US20180062991A1 - Deterministic controller-based path query - Google Patents

Deterministic controller-based path query Download PDF

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Publication number
US20180062991A1
US20180062991A1 US15/252,147 US201615252147A US2018062991A1 US 20180062991 A1 US20180062991 A1 US 20180062991A1 US 201615252147 A US201615252147 A US 201615252147A US 2018062991 A1 US2018062991 A1 US 2018062991A1
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network
node
query
entropy information
network controller
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US15/252,147
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Nagendra Kumar Nainar
Carlos M. Pignataro
Deepak Kumar
Yi Yang
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Cisco Technology Inc
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Cisco Technology Inc
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    • HELECTRICITY
    • H04ELECTRIC COMMUNICATION TECHNIQUE
    • H04LTRANSMISSION OF DIGITAL INFORMATION, e.g. TELEGRAPHIC COMMUNICATION
    • H04L45/00Routing or path finding of packets in data switching networks
    • H04L45/70Routing based on monitoring results
    • HELECTRICITY
    • H04ELECTRIC COMMUNICATION TECHNIQUE
    • H04LTRANSMISSION OF DIGITAL INFORMATION, e.g. TELEGRAPHIC COMMUNICATION
    • H04L43/00Arrangements for monitoring or testing packet switching networks
    • H04L43/08Monitoring based on specific metrics
    • HELECTRICITY
    • H04ELECTRIC COMMUNICATION TECHNIQUE
    • H04LTRANSMISSION OF DIGITAL INFORMATION, e.g. TELEGRAPHIC COMMUNICATION
    • H04L45/00Routing or path finding of packets in data switching networks
    • H04L45/24Multipath
    • HELECTRICITY
    • H04ELECTRIC COMMUNICATION TECHNIQUE
    • H04LTRANSMISSION OF DIGITAL INFORMATION, e.g. TELEGRAPHIC COMMUNICATION
    • H04L45/00Routing or path finding of packets in data switching networks
    • H04L45/38Flow based routing
    • HELECTRICITY
    • H04ELECTRIC COMMUNICATION TECHNIQUE
    • H04LTRANSMISSION OF DIGITAL INFORMATION, e.g. TELEGRAPHIC COMMUNICATION
    • H04L45/00Routing or path finding of packets in data switching networks
    • H04L45/42Centralized routing
    • HELECTRICITY
    • H04ELECTRIC COMMUNICATION TECHNIQUE
    • H04LTRANSMISSION OF DIGITAL INFORMATION, e.g. TELEGRAPHIC COMMUNICATION
    • H04L49/00Packet switching elements
    • H04L49/30Peripheral units, e.g. input or output ports
    • H04L49/3009Header conversion, routing tables or routing tags

Abstract

The subject technology relates to methods for identifying network routes. In some aspects, the method can include steps for transmitting a first query to a network controller, the first query identifying a destination node for a traffic flow routed by the first network node, wherein the first query is configured to cause the network controller perform operations including: identify at least one egress node between the first network node and the destination node, transmit a second query to the at least one egress node to determine entropy information relative to the egress node, and transmit the entropy information to the first network node in response to the first query. Systems and machine-readable media are also provided.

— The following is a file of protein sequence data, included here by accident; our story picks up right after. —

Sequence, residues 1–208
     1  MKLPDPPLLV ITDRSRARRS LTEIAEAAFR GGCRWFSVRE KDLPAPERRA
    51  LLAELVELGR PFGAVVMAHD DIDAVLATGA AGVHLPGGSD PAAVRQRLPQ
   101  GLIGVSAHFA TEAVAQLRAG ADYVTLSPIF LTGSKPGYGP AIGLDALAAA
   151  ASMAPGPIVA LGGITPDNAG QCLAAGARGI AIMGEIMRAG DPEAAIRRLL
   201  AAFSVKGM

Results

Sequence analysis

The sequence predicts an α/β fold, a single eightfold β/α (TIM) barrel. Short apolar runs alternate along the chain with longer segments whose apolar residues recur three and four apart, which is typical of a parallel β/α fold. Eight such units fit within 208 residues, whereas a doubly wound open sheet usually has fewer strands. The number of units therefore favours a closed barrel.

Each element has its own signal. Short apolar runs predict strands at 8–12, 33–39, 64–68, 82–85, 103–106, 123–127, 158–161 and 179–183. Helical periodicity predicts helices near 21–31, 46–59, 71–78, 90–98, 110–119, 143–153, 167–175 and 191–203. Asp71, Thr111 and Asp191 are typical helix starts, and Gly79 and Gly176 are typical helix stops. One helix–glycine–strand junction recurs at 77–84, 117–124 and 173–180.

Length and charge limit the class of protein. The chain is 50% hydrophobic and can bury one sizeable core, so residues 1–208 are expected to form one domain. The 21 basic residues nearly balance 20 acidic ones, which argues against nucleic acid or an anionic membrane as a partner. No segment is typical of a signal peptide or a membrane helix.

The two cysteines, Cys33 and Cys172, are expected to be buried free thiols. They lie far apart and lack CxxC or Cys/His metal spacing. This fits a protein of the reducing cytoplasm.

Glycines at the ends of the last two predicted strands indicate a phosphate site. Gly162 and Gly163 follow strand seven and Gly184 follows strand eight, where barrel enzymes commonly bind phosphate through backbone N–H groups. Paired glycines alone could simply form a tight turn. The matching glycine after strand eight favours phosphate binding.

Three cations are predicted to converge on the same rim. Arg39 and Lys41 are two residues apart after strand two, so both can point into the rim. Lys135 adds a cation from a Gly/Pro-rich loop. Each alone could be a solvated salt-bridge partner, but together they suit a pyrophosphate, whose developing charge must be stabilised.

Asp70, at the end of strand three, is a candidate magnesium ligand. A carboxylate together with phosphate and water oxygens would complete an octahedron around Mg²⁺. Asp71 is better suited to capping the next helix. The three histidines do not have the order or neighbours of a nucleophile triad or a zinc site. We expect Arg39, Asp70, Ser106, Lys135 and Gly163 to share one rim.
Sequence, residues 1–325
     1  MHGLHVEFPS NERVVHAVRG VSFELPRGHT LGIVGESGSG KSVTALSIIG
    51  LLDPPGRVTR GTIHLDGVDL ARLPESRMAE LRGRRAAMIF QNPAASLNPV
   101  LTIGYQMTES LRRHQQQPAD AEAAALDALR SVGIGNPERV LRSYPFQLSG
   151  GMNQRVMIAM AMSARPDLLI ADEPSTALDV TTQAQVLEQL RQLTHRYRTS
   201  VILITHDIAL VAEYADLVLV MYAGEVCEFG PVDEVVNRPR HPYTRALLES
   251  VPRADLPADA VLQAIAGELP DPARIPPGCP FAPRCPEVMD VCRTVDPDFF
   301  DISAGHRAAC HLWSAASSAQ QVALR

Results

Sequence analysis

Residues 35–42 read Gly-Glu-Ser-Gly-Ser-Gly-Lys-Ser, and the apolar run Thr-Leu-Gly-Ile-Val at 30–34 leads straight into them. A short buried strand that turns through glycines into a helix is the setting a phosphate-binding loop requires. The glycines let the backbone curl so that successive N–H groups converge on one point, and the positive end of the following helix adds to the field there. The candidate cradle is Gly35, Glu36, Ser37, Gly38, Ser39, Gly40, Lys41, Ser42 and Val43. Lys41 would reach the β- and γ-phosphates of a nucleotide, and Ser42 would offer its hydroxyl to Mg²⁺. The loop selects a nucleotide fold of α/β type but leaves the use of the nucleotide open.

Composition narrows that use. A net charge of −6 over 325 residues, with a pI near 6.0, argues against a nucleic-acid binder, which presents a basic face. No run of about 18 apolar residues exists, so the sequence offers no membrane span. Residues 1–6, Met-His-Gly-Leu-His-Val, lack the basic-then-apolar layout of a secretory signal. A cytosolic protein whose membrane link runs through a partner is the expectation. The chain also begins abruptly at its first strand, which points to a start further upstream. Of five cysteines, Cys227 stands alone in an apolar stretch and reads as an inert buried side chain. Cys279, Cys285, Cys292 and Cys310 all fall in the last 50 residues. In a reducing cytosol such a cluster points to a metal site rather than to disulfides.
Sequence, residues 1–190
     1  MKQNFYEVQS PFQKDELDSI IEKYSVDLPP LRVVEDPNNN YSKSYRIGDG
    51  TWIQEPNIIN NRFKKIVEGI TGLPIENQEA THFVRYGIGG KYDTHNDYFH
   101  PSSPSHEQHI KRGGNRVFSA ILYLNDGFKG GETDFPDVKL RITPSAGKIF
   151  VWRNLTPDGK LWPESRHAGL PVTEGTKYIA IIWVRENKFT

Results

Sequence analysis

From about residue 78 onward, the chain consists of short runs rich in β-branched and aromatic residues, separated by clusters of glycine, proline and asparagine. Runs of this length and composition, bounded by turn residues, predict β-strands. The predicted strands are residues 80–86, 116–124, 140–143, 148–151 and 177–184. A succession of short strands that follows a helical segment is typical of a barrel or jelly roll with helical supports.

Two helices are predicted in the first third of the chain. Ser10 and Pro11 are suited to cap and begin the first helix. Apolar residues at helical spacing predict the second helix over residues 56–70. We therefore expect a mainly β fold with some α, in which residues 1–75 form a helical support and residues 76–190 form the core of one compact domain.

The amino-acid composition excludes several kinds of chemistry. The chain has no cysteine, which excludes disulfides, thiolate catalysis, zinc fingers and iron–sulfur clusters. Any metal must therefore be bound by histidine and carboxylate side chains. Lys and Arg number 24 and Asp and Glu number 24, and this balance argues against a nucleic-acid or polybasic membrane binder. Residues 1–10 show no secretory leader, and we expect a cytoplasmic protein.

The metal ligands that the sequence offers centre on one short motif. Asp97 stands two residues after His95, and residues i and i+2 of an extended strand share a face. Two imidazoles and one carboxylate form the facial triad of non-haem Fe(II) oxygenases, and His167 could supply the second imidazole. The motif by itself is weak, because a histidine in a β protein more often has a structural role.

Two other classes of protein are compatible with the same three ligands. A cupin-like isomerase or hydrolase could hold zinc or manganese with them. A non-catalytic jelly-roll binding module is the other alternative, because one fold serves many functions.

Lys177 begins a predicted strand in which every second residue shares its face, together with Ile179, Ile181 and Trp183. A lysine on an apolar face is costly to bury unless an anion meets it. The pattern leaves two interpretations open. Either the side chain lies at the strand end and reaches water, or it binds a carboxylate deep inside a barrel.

Description

    TECHNICAL FIELD
  • The disclosed technology relates to methods and systems for identifying optimal network paths for traffic flows and in particular, for using a network controller to help identify deterministic Equal-Cost Muti-Path (ECMP) routes with respect to one or more egress nodes in a communication pathway.
  • BACKGROUND
  • ECMP is a routing strategy where next-hop packet forwarding to a destination can occur over multiple “best paths” that tie for top place in routing metric calculations. Multi-path routing can be used in conjunction with most routing protocols because it is a per-hop decision limited to a single router. It can substantially increase bandwidth by load-balancing traffic over multiple paths; however, there may be significant problems in deploying it in practice.
  • BRIEF DESCRIPTION OF THE DRAWINGS
  • In order to describe the manner in which the above-recited and other advantages and features of the disclosure can be obtained, a more particular description of the principles briefly described above will be rendered by reference to specific embodiments thereof which are illustrated in the appended drawings. Understanding that these drawings depict only exemplary embodiments of the disclosure and are not therefore to be considered to be limiting of its scope, the principles herein are described and explained with additional specificity and detail through the use of the accompanying drawings in which:
  • FIG. 1 depicts a simplified network diagram in which an Operations Administration and Management (OAM) server can be implemented to provide path calculation information, according to some aspects of the technology.
  • FIG. 2 illustrates an example signal-timing diagram that depicts signaling between various network entities when performing routing metric calculations.
  • FIG. 3 illustrates an example network topology that spans various network environment types.
  • FIG. 4 illustrates an example network device.
  • FIGS. 5A and 5B illustrate example system embodiments that can be used to implement various network-based devices.
  • DESCRIPTION OF EXAMPLE EMBODIMENTS
  • Various embodiments of the disclosure are discussed in detail below. While specific implementations are discussed, it should be understood that this is done for illustration purposes only. A person skilled in the relevant art will recognize that other components and configurations can be used without parting from the spirit and scope of the disclosure.
  • Overview